As you’ve probably figured out from the blog title, I’m an American (Bostonian specifically) living in Spain. I’ve been living here (both in Madrid and Barcelona) since 2006. Back in August of that fateful year I decided to pack up my comfortable life and cute apartment in downtown Boston into two big suitcases and try out my luck living abroad. I didn’t have a job (although I did have an internship I found through some creative investigation online) nor an apartment or friends over here. Something about the Spanish culture (and climate) had been stuck in my head ever since I studied in Madrid in the fall of 2000.
Now, more than a DECADE later I can safely say that I’ve become “españolizada” or “spanishized”, or, to put it easier, accustomed to the Spanish lifestyle and fitting in as if I were from here (minus the accent). There are a lot of expat blogs out there, but this is quite different. If I were here in Spain as an expat I wouldn’t have had to go through nine months of running around to government buildings and getting multiple fingerprints to be able to work here. And I probably would be hanging out with other expats. In quite a few instances I’ve actually had people (including my own mother-in-law) talk about “those foreigners” or “the Americans” right in front of me without even thinking that I’m one of them! I take this as a compliment. I’ve spent a quarter of my life now in Spain and can tell when I go back to the US.
Update 2017: since starting this blog a couple years ago, there’s one big thing that’s changed: I can now officially say that I am spanish. What do I mean by that? Well, after a long 2 1/2 year process I’ve been granted Spanish nationality and will be obtaining my DNI and passport to officially become an EU citizen. (see: Obtaining Spanish nationality – check.) Of course the one thing I can’t change that easily is the accent…
Professionally I like to thing that I’ve had some success as well. With determination (a lot) I was able to get my working papers. Then I received a scholarship to complete a bilingual MBA at IESE Business School, and after that worked at a multinational consumer goods company in marketing (“multinational” American company, but really more like a Spanish company in my opinion). Currently I work in my alma matter at IESE in the Custom Executive Education department developing Custom Education programs for companies, in both Spanish and English. Anyway, that’s the profesional part. For more info you can check out my linkedin profile: http://www.linkedin.com/in/michelleamato
In my first blog entry I elaborated a bit about why I’m writing a blog. Here’s a recap:
- I love to talk and write. One of the things I most like to do is meet new people, talk to people, and share stories. What better place to share my experiences over here that could be interesting or useful to others than in an inoffensive blog?
- Customer experience. I’m passionate about customer experience and believe it is fundamental for any business to succeed. Unfortunately over here in Spain that concept is probably close to #15 on companies’ top 10 lists of important items. Customers do not deserve to be treated poorly! Aside from that companies need to realize that the future is not just getting customer experience right, but exceeding, surprising, personalizing… making unique experiences that make loyal customers and generate future revenue. Unfortunately, after being here for so long I’ve started to get used to the customer service….but this shouldn’t happen. I think it’s important to share these stories so companies realize the impact of the direct contact they have with customers. More valuable than any marketing plan investment is what the person next to you has to say. On the other hand, it’s important to share the positive experiences as well and to promote these actions that actually leave customers happy! I’ve had quite a few of these as well, although the bad ones tend to stand out more.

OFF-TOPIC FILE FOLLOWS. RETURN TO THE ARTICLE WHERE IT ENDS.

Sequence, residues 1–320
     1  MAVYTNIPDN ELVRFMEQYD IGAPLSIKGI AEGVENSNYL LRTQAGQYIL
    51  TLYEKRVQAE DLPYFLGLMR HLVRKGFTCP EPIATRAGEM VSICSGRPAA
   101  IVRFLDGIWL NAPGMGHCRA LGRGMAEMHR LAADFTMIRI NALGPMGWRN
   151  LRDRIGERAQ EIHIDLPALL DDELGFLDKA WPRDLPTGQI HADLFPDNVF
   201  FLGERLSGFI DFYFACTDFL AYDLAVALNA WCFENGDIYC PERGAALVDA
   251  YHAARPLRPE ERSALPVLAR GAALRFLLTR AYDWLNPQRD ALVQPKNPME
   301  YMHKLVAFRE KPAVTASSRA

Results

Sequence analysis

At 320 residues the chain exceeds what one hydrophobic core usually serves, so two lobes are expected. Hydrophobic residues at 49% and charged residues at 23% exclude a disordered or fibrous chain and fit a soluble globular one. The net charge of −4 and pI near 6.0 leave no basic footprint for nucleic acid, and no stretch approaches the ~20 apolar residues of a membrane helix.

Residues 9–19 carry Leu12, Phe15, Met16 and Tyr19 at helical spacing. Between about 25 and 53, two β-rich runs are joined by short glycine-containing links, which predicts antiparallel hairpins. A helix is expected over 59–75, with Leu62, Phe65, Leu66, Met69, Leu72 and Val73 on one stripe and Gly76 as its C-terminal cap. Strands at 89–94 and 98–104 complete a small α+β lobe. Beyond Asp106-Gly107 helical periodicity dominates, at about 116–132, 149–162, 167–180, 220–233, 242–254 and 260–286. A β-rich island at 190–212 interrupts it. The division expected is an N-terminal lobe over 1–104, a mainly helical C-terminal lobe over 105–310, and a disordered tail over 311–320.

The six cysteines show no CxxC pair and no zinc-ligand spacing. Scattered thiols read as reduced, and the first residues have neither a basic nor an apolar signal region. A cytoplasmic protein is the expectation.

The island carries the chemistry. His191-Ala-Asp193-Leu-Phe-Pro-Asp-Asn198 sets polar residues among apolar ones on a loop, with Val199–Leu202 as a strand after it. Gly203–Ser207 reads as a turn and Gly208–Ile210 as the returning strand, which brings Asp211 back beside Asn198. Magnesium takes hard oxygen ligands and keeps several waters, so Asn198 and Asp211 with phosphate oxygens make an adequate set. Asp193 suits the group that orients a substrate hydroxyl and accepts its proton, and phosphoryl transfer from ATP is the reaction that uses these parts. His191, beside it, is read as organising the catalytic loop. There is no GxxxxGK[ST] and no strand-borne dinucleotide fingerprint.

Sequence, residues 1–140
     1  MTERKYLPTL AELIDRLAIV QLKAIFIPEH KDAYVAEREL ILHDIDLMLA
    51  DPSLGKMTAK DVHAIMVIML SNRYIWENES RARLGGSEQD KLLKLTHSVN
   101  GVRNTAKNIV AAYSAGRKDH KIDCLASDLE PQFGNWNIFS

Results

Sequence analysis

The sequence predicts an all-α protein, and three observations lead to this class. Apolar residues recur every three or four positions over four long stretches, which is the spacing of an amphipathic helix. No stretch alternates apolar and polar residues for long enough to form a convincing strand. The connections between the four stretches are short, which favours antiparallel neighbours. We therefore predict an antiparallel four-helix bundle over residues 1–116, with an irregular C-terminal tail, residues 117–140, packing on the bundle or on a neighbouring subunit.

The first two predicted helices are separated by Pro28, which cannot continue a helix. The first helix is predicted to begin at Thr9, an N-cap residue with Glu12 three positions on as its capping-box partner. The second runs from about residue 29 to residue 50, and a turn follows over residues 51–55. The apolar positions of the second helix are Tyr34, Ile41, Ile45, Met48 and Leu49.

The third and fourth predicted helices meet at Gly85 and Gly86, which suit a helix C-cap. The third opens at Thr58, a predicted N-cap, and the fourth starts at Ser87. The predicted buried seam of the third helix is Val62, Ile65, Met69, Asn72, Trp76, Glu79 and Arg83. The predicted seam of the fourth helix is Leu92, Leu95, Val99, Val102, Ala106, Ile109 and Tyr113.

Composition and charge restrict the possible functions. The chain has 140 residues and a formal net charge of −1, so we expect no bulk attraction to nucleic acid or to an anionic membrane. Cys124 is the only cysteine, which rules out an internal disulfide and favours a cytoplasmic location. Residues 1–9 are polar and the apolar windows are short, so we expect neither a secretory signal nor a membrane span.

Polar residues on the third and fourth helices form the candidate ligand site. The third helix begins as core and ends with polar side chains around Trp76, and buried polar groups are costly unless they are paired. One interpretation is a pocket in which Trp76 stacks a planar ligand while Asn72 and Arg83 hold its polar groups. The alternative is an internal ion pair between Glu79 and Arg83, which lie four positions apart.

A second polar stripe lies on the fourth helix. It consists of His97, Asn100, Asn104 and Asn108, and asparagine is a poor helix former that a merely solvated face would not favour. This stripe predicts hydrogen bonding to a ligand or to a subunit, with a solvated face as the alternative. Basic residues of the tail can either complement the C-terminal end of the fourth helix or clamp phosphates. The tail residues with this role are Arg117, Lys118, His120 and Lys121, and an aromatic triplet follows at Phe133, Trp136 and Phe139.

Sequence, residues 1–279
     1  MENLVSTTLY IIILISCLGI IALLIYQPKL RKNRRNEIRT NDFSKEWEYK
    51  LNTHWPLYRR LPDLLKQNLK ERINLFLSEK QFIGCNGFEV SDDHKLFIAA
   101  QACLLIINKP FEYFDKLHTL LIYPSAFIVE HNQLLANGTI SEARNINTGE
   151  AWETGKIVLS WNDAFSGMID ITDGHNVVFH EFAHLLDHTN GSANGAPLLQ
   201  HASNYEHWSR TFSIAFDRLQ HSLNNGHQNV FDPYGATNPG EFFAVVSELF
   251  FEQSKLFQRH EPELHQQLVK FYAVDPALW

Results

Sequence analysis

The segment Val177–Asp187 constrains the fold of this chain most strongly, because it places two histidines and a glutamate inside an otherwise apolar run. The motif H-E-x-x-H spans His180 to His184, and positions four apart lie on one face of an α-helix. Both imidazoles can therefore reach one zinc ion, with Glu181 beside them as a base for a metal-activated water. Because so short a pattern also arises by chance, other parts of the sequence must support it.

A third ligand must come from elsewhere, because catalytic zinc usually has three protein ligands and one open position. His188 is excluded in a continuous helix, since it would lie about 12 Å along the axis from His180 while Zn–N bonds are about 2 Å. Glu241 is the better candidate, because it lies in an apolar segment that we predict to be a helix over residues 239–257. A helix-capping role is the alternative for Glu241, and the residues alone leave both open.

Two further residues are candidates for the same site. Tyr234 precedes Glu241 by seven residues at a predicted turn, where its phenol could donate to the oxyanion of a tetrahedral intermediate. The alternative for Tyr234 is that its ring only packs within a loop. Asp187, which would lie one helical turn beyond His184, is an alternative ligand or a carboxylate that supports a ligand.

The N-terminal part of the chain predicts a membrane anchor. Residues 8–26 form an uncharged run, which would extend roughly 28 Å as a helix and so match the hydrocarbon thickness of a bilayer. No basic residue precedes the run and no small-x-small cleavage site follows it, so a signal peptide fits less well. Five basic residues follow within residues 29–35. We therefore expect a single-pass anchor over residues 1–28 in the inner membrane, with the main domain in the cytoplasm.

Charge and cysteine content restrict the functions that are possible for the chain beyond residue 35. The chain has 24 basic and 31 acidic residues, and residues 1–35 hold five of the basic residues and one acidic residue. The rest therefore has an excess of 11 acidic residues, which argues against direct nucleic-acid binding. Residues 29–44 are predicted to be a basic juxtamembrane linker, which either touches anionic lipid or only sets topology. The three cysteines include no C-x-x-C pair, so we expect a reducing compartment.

- Helpful info I remember when I was thinking about moving over here that I was looking everywhere I could for any sort of information that might be helpful to me. I’ve gone through a lot in almost 9 years and can definitely share some of those experiences and insights.
- Interesting stories. Spain is definitely different than the US, in more ways than one. Sometimes when I’m talking to my family and say something that seems totally normal to me, I realize that it’s not at all normal to them. Of course it makes sense that in the local parade for Three Kings Day on January 6th, the black king is usually a Spanish person with black paint on his face.
- Unemployment leaves you with time on your hands. Update 2017 – no longer unemployed since October 2015, although this was a good reason to start this blog. This can also explain the less-frequent posts, but I try to write when there’s anything interesting/useful that comes up during my daily experiences.
Enjoy! And please feel free to contact me with any feedback, topics of interest, suggestions, etc.